Nepal: Lawyers call on the Nepal Bar Association to prioritize efforts to counter harmful gender stereotypes and discriminatory behaviour toward women

Practicing lawyers in Nepal identified harmful gender stereotypes and gender discriminatory behaviours towards women as a major barrier preventing women from accessing justice. They requested that the Nepal Bar Association take the lead in efforts to enhance women’s access to justice.

ICJ co-hosted a workshop for lawyers with the Nepal Bar Association  on the Elimination of Gender Discriminatory Attitudes and Behaviors Towards Women and Enhancing Access to Justice for Women on 31 March-1 April 2023.

Some  35 legal practitioners from Kaski, Baglung, Syangja, Myagdi, Gulmi, Parbat and Palpa of Gandaki and Lumbini Province participated in the Workshop. These legal practitioners evaluated the practical difficulties that women face in the administration of justice, including lack of effective legal aid support, lack of awareness about the legal framework protecting women’s rights, prevailing discriminatory laws as well as discriminatory and stereotypical behaviors of justice actors towards women service seekers are major barriers for women in accessing justice The participants identified strategies to enhance access to justice for women, with the Nepal Bar Association expected to play a key role.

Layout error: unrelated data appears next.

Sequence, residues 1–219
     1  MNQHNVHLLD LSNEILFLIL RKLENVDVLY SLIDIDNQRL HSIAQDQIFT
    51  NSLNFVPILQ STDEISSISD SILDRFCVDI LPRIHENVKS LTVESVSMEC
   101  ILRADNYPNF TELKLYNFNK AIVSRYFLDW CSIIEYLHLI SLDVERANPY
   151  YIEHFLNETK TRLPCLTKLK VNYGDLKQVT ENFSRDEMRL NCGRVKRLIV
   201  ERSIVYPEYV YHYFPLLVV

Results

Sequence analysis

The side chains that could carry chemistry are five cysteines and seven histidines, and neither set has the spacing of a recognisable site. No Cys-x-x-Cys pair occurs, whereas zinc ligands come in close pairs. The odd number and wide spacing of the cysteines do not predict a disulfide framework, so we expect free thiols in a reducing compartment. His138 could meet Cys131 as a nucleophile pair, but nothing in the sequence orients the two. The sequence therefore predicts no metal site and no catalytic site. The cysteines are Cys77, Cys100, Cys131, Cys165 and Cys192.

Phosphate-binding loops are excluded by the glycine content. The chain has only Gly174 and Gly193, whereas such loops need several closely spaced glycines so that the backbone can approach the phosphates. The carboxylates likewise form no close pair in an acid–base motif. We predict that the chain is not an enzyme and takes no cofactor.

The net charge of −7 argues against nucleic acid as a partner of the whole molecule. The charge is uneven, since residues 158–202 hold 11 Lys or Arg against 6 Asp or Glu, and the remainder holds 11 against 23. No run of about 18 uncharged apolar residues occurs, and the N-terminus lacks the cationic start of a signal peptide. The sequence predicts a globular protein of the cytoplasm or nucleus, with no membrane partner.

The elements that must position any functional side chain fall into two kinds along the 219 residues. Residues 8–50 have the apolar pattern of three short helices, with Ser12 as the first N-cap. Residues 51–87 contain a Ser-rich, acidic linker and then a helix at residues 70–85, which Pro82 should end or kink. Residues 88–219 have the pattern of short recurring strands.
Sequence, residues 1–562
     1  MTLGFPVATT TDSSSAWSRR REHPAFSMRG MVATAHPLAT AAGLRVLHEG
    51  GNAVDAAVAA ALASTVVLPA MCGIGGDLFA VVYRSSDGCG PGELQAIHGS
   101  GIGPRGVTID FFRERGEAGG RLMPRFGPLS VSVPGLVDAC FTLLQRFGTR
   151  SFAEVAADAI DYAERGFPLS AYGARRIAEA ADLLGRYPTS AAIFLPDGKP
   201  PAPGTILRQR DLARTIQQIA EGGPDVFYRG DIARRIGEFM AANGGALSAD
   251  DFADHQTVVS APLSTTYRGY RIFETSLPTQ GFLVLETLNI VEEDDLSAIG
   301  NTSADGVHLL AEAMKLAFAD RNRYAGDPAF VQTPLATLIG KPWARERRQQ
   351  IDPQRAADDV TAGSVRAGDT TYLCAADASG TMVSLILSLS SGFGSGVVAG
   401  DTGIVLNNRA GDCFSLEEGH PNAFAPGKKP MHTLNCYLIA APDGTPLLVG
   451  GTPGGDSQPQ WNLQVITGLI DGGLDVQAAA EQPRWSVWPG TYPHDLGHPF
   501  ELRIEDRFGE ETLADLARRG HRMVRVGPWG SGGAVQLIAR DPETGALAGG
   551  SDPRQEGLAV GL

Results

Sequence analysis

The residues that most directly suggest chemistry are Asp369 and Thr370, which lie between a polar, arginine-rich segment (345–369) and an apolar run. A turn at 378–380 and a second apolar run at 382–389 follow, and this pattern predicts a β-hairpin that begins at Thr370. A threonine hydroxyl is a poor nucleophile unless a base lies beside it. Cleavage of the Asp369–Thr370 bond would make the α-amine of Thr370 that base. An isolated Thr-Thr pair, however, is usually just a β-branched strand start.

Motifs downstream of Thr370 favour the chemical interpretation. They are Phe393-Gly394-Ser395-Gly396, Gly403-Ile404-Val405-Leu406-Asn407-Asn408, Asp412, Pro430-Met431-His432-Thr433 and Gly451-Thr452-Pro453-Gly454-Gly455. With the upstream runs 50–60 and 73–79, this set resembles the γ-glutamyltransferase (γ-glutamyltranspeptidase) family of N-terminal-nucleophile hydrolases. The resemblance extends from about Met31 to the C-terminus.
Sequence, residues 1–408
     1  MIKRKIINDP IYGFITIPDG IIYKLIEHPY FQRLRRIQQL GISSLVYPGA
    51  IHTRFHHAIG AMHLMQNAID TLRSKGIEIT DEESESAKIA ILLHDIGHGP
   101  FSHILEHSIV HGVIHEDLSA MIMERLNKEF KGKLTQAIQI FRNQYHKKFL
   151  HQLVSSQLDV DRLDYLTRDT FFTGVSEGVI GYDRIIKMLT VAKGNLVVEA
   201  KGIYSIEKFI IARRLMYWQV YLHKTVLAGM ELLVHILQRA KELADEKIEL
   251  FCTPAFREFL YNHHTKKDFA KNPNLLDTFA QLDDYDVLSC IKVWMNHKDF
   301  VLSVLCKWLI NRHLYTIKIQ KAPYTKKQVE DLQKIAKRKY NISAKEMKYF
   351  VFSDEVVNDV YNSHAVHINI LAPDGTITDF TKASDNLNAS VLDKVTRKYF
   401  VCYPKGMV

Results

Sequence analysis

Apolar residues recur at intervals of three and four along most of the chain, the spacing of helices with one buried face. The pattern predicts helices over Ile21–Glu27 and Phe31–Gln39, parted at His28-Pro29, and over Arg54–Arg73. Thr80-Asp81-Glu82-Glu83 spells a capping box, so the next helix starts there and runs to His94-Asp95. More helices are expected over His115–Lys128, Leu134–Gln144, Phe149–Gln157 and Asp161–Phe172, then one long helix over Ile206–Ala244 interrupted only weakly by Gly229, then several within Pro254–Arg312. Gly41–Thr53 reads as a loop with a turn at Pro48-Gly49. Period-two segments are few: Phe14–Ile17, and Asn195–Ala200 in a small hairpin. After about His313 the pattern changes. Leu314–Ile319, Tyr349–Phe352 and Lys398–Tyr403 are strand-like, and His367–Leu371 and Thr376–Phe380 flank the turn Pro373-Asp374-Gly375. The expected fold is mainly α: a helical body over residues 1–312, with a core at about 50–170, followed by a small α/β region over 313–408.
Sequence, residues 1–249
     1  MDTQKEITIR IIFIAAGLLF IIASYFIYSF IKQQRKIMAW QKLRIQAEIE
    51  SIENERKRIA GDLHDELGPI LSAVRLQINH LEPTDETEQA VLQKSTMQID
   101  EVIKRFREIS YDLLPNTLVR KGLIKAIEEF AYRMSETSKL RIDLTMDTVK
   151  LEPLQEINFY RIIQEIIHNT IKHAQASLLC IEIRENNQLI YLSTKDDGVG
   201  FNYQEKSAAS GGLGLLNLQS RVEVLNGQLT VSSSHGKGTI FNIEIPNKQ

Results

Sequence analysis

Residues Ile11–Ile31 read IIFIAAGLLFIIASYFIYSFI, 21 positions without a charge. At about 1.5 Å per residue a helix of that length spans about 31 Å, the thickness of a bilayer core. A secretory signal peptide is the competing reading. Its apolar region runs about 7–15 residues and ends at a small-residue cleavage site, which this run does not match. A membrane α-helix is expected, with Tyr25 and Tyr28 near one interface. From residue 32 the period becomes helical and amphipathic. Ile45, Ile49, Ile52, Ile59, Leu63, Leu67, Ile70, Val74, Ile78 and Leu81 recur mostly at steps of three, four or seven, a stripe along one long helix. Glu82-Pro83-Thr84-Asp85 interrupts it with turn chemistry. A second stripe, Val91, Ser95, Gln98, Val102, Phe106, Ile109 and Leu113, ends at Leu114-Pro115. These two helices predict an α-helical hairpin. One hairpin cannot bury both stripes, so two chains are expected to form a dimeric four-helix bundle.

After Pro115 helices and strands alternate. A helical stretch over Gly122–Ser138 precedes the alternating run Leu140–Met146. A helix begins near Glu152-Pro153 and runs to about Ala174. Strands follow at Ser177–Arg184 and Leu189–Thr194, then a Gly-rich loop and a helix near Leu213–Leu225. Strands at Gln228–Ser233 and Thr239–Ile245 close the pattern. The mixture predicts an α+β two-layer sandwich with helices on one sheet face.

Senior Advocate Gopal Krishna Ghimire, President of Nepal Bar Association expressed NBA’s commitment to advocate for countering gender stereotypes and enhancing women’s access to justice.

The objective of the workshop was to identify gender stereotypical thinking and discriminatory practices in the Nepalese justice system and the legal profession and formulate strategies to countering and reversing those attitudes and practices to so as to better facilitate access to justice for women.

Ms. Bandana Rana, a member of UN Committee on the Elimination of Discrimination against Women said that harmful gender stereotypes harms women in many aspects of their lives, including their leadership role, which could make them more vulnerable to abuses and gender-based violence.

Senior advocate Prof. Geeta Pathak Sangroula discussed the importance of the Convention on the Elimination of Discrimination against Women (CEDAW) and highlighted principle of equality, non – discrimination and state obligation under the CEDAW. She asked the legal practitioners to internalize the CEDAW into their day-to-day work.

A panel of experts led the workshop, including UN CEDAW Committee Member Bandana Rana, Senior Advocate Prof. Geeta Pathak Sangroula, Senior Advocate Sunil Kumar Pokharel, Advocate Kedar Prasad Koirala, Advocate Asst. Prof. Rukmini Maharjan, Advocate Asst. Prof. Amrit Kharel, Advocate Kalpana Bhandari, Advocate Laxmi Devi Rawal and Advocate Mina Kumari Ranabhat.

The Workshop was held in Pokhara from 31 March to 1 April and organized under the ‘Enhancing Access to justice for women in Asia and the Pacific’ project funded by the Swedish International Development Cooperation Agency (SIDA). It was implemented jointly with UN Women and the Office of the High Commission for Human Rights.

Contact

Kaajal Ramjathan-Keogh – Lead, Women’s Access to Justice Project, International Commission of Jurists, t: +27 84 514 8039 e: Kaajal.Keogh@icj.org

Laxmi Pokharel, National Legal Adviser – Nepal, International Commission of Jurists, t: +9779851047588, e: laxmi.pokharel@icj.org

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